Law Contd Many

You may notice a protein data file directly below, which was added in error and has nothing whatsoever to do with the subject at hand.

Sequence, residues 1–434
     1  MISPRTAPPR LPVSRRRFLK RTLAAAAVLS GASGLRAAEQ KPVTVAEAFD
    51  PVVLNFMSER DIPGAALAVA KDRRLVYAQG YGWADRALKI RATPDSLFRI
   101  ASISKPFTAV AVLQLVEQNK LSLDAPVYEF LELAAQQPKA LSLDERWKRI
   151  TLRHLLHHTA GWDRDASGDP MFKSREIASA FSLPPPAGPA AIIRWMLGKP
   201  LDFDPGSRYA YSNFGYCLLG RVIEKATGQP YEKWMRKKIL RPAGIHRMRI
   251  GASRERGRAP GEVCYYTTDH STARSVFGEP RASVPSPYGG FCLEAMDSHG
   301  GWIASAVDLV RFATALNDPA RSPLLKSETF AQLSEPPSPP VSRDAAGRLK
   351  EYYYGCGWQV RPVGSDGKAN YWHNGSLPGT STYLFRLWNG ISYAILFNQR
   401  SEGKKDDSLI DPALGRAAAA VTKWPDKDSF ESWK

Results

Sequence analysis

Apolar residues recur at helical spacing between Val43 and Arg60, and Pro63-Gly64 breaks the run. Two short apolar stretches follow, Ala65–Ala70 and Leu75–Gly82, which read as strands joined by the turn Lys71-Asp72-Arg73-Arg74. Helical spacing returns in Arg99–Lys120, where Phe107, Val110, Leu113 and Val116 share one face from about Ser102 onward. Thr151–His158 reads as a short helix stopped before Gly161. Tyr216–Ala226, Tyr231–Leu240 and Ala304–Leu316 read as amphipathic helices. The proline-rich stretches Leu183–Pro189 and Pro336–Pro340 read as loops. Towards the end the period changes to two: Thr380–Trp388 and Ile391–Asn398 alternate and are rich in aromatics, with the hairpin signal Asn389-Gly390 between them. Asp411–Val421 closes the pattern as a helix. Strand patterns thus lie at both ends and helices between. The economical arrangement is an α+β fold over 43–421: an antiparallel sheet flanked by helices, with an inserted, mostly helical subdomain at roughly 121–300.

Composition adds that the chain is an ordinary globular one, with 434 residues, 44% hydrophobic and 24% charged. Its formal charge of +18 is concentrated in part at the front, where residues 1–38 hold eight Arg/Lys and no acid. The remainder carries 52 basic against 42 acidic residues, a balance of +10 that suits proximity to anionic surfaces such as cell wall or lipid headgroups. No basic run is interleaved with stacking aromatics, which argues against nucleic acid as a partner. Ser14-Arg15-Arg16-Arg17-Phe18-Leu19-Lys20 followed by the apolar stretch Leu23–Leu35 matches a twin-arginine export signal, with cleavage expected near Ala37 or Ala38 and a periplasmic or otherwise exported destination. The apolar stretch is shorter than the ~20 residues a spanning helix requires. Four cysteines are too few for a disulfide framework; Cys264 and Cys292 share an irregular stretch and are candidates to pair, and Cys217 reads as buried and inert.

Law (cont�d) Many of the laws of economics, which concern the behaviour of people in markets and therefore their reaction to varying conditions of supply and demand and to changes in price, could not be made unless people were by and large ready to prefer the better of two bargains if they had a free choice. Men seeking goods and services and housewives shopping do not confine themselves only to price, quality, etc.: they are affected by habit, custom, pride, prejudice, by what business colleagues or rivals or neighbours will consider fair' and right', and so on. But to suppose that people are irrational altruists is even further from the truth than to suppose that they are rational egoists. In wartime patriotism is a powerful motive, although even then business men, trade union negotiators and ordinary shoppers put their personal material interests high in their scale of preferences. But in peacetime ordinary personal motives come to the fore. And attempts to create new social institutions on any other assumption have displayed periodic weakness. For example, the argument that miners and railwaymen would work better when they were working 'for the nation' under nationalization has not been supported by events.
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